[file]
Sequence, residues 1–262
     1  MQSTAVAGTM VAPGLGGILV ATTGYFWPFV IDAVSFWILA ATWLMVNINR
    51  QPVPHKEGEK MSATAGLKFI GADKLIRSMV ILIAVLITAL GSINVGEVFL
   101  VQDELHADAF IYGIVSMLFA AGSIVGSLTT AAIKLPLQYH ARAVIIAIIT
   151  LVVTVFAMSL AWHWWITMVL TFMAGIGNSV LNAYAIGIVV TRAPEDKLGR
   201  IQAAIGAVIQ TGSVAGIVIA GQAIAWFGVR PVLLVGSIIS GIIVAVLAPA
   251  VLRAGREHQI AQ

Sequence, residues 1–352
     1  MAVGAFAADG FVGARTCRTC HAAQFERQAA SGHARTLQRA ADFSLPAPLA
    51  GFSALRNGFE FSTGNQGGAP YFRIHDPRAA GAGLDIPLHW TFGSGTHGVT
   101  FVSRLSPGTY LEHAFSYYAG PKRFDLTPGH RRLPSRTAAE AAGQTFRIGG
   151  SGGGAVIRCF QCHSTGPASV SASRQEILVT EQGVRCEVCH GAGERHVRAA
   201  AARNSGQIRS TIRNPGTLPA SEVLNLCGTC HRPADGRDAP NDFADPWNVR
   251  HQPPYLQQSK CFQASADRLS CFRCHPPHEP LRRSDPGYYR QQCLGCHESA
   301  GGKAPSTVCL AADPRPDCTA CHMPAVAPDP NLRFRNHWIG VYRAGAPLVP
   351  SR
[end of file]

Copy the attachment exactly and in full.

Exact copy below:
Sequence, residues 1–262
     1  MQSTAVAGTM VAPGLGGILV ATTGYFWPFV IDAVSFWILA ATWLMVNINR
    51  QPVPHKEGEK MSATAGLKFI GADKLIRSMV ILIAVLITAL GSINVGEVFL
   101  VQDELHADAF IYGIVSMLFA AGSIVGSLTT AAIKLPLQYH ARAVIIAIIT
   151  LVVTVFAMSL AWHWWITMVL TFMAGIGNSV LNAYAIGIVV TRAPEDKLGR
   201  IQAAIGAVIQ TGSVAGIVIA GQAIAWFGVR PVLLVGSIIS GIIVAVLAPA
   251  VLRAGREHQI AQ

Sequence, residues 1–352
     1  MAVGAFAADG FVGARTCRTC HAAQFERQAA SGHARTLQRA ADFSLPAPLA
    51  GFSALRNGFE FSTGNQGGAP YFRIHDPRAA GAGLDIPLHW TFGSGTHGVT
   101  FVSRLSPGTY LEHAFSYYAG PKRFDLTPGH RRLPSRTAAE AAGQTFRIGG
   151  SGGGAVIRCF QCHSTGPASV SASRQEILVT EQGVRCEVCH GAGERHVRAA
   201  AARNSGQIRS TIRNPGTLPA SEVLNLCGTC HRPADGRDAP NDFADPWNVR
   251  HQPPYLQQSK CFQASADRLS CFRCHPPHEP LRRSDPGYYR QQCLGCHESA
   301  GGKAPSTVCL AADPRPDCTA CHMPAVAPDP NLRFRNHWIG VYRAGAPLVP
   351  SR